MANHATTAN, N.Y. (PIX11) – The man accused of shoving a woman into a moving subway train in Manhattan and critically injuring her on Wednesday has been arrested, officials said.

The NYPD previously identified the suspect as 39-year-old Sabir Jones. He was taken into custody Thursday in Newark, New Jersey, according to Newark Public Safety Director Fritz Fragé. Jones was then transferred to the U.S. Marshals Service, Fragé said.

The 30-year-old victim was standing on the downtown E train platform at the 53rd Street-Fifth Avenue subway station in Midtown when she was shoved unprovoked around noon, according to the NYPD. The woman hit her head on the moving train, police said.

The victim fell onto the tracks after hitting her head and was helped by good Samaritans, according to witnesses. The victim was hospitalized in critical condition and underwent surgery for her injuries.

“We developed a person of interest almost immediately based off video surveillance, and that person of interest turned into probable cause where he’s wanted,” NYPD Chief of Transit Michael Kemper said.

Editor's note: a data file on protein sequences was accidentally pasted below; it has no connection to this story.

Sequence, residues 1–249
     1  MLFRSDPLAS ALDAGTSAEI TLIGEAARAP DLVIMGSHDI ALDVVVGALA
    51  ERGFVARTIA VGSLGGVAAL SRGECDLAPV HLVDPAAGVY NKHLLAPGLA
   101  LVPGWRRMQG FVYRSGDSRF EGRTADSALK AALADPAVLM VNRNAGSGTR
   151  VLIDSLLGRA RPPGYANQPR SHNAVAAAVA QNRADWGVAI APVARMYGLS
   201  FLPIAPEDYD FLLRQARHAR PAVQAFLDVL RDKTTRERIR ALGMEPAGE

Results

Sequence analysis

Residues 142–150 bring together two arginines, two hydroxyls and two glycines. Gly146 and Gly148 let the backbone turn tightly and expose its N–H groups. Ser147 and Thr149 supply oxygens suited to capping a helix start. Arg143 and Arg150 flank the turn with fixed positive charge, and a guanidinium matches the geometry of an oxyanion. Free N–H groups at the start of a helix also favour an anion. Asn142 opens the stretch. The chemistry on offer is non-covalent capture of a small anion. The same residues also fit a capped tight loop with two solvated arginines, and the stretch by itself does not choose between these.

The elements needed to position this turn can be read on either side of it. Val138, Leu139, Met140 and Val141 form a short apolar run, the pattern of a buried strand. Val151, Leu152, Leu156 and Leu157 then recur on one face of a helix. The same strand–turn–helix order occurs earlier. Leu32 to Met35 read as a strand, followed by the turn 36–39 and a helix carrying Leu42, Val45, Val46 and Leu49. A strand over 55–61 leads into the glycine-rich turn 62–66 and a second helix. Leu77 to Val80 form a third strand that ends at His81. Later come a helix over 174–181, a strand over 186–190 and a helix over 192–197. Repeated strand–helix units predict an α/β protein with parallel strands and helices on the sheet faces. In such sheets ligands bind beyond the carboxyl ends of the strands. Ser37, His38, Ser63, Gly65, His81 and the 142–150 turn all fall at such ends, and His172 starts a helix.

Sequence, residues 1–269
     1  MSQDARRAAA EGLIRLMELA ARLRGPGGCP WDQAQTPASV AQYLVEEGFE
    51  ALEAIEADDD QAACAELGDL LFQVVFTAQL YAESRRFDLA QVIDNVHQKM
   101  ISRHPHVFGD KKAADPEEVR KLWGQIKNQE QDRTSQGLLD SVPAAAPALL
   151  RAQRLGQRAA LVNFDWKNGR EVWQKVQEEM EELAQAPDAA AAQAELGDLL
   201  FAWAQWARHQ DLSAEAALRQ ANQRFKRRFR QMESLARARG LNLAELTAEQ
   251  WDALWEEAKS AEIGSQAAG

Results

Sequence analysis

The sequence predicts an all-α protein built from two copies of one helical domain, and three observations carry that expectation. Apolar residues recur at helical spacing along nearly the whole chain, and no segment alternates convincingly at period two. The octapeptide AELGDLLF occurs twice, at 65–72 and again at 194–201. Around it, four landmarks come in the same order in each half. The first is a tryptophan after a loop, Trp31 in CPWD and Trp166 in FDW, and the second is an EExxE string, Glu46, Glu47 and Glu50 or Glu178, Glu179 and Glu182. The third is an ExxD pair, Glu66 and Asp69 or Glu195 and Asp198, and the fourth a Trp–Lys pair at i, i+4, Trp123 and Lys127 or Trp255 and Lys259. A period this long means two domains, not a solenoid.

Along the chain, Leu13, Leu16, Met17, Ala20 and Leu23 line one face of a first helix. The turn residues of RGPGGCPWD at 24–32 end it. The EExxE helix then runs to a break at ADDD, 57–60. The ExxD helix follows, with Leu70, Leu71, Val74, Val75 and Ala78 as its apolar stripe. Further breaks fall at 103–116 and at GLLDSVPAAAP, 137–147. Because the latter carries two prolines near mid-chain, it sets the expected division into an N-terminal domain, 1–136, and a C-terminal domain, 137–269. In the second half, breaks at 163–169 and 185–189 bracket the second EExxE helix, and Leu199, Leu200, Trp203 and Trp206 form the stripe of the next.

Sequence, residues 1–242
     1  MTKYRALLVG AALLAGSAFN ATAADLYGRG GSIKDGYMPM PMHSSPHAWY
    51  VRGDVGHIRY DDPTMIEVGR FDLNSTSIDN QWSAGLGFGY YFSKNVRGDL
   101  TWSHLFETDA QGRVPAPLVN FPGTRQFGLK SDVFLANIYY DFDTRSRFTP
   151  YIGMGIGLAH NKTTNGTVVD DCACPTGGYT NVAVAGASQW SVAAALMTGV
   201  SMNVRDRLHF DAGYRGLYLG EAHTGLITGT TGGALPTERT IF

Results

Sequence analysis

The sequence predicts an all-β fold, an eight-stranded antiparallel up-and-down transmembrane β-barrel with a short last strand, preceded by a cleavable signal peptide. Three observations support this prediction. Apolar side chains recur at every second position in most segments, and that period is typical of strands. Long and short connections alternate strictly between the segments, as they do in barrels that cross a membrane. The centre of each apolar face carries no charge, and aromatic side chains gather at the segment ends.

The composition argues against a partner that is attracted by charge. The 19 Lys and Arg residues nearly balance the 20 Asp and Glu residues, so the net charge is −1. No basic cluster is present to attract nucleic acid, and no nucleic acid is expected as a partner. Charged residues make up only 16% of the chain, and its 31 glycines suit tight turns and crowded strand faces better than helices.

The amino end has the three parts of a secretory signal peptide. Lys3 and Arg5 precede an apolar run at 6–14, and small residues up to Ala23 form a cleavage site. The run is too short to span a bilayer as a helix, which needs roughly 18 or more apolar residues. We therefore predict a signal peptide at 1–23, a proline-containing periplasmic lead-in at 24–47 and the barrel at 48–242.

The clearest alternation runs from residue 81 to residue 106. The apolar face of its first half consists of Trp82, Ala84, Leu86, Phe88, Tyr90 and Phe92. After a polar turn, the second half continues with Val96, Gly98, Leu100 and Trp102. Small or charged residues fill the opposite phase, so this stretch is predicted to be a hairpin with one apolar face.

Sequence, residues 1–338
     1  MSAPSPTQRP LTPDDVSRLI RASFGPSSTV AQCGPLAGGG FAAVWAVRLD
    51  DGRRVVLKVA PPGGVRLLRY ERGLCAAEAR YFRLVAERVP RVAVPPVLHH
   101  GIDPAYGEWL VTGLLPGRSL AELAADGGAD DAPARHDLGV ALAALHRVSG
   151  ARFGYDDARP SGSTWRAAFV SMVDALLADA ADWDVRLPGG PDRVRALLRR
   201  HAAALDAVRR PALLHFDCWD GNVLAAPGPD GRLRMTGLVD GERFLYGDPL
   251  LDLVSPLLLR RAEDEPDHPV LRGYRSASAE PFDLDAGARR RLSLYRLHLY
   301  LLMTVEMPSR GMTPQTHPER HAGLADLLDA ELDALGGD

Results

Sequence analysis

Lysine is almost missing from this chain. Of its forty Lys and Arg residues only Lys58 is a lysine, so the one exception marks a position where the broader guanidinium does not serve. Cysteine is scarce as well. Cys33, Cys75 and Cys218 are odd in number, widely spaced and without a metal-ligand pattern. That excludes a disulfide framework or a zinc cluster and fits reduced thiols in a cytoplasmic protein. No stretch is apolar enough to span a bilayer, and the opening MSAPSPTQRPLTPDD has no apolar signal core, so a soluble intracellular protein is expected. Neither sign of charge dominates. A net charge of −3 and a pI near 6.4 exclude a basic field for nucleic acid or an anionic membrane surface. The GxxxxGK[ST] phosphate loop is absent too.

Jones also allegedly harmed somebody else in the same subway station, minutes before the shove, according to police. Law enforcement sources confirmed that a 26-year-old man reported that Jones randomly punched him in the face, breaking the man’s jaw.

Back in 2021, Newark police were searching for Jones after he had been reported missing. At the time, police said Jones had psychosis and was homeless.

There’s a regular police patrol in the subway station where Wednesday’s crimes took place, as per city policy. Additional officers were on hand there at various times on Thursday.

While the search was on for Jones, photos of the suspect were also posted in the station by police.

The NYPD reports that subway shoving incidents are down overall, from 22 last year at this time, to 15 this year so far. But that’s little comfort for commuters like Patty Meighoo.

“Numbers are numbers,” Meighoo said, while looking at Jones’ wanted poster inside the station. “But the fact that it could happen at any time to anyone,” she continued, “the numbers don’t say everything.”